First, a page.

The Encyclopedia is produced by the Centre of Excellence for Early Childhood Development (CEECD) and the Strategic Knowledge Cluster on Early Child Development (SKC-ECD).
Topic Editor: Lauren S. Wakschlag, PhD, Northwestern University, USA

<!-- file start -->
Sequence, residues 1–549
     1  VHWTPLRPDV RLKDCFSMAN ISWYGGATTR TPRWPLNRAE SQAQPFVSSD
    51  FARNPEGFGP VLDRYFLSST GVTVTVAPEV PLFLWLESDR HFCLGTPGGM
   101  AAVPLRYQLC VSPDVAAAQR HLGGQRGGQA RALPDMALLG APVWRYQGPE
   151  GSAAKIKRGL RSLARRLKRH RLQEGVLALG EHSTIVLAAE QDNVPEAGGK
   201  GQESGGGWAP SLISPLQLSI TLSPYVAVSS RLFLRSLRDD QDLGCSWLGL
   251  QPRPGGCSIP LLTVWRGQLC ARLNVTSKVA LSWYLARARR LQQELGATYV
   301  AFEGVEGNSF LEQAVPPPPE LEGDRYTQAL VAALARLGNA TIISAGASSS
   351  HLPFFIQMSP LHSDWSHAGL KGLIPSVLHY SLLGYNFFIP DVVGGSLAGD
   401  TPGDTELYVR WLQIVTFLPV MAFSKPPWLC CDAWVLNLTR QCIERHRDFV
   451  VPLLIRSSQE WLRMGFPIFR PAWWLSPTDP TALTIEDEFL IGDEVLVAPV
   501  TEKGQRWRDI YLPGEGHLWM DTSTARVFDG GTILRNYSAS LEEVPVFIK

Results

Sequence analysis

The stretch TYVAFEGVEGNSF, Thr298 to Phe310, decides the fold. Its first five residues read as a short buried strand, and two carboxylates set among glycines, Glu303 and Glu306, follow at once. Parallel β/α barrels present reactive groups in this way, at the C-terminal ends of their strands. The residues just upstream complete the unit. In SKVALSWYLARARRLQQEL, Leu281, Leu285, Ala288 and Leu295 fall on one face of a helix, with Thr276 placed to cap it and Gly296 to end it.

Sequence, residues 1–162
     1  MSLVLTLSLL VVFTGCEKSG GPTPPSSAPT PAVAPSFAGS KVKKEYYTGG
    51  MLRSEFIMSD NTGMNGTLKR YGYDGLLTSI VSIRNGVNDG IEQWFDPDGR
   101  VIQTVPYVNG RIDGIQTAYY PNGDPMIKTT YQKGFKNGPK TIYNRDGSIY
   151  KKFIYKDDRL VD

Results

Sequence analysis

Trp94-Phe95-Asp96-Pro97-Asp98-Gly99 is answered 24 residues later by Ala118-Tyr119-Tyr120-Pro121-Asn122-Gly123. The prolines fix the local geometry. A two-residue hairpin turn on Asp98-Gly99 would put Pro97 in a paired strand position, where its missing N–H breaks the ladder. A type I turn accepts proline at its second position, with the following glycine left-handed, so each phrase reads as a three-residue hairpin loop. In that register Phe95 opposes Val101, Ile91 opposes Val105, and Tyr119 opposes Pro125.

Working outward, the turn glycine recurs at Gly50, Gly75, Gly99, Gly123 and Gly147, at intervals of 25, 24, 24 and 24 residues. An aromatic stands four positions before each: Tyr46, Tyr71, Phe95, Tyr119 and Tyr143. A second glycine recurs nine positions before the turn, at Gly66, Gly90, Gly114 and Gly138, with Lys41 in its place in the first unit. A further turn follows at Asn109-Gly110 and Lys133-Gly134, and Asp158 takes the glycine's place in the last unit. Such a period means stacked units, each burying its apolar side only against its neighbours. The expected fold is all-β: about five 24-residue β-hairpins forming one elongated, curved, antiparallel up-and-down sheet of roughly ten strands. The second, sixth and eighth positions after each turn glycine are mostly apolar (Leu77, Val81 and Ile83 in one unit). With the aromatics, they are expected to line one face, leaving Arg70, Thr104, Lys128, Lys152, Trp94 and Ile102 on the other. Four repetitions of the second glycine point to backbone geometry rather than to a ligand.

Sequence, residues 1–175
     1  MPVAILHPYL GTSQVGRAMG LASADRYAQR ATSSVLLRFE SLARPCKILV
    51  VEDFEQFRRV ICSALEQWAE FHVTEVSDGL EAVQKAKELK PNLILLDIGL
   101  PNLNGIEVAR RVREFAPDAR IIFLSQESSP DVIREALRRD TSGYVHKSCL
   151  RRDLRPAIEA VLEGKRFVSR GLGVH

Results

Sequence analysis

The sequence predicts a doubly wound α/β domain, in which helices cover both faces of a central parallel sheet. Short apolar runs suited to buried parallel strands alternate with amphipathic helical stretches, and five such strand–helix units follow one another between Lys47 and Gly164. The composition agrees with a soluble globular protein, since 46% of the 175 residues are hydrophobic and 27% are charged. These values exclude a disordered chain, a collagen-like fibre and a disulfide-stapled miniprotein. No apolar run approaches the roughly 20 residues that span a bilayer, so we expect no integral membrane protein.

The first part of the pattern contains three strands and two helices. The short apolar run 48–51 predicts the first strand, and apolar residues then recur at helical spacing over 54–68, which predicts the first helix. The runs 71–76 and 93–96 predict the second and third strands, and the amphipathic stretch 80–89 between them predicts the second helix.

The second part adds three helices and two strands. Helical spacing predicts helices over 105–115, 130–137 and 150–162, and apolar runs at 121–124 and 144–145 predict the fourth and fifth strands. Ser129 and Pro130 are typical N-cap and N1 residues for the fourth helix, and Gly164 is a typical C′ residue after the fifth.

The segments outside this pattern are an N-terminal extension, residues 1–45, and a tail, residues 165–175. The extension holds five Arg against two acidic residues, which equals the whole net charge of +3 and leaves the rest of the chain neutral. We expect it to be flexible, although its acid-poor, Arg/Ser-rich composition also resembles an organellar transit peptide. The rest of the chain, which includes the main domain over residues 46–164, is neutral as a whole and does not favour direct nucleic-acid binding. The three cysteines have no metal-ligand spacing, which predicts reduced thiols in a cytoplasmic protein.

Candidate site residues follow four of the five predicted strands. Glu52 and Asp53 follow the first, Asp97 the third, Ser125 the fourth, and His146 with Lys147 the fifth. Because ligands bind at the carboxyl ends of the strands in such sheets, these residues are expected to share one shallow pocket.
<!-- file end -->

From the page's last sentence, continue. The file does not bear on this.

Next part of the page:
Prenatal cigarette smoke exposure (PCSE) is the leading preventable cause of several negative birth outcomes, and affects 600,000 live births in North America every year. Although more and more women quit when they find out they are pregnant, 10 to 15% continue to smoke. It is estimated that of those who ceased to smoke during pregnancy, most will start again after giving birth. The incidence of smoking during pregnancy has been dropping in the last two decades but remains high particularly among adolescent and low-income women. Eradicating PCSE would allow health care systems to save millions of dollars in neonatal costs.
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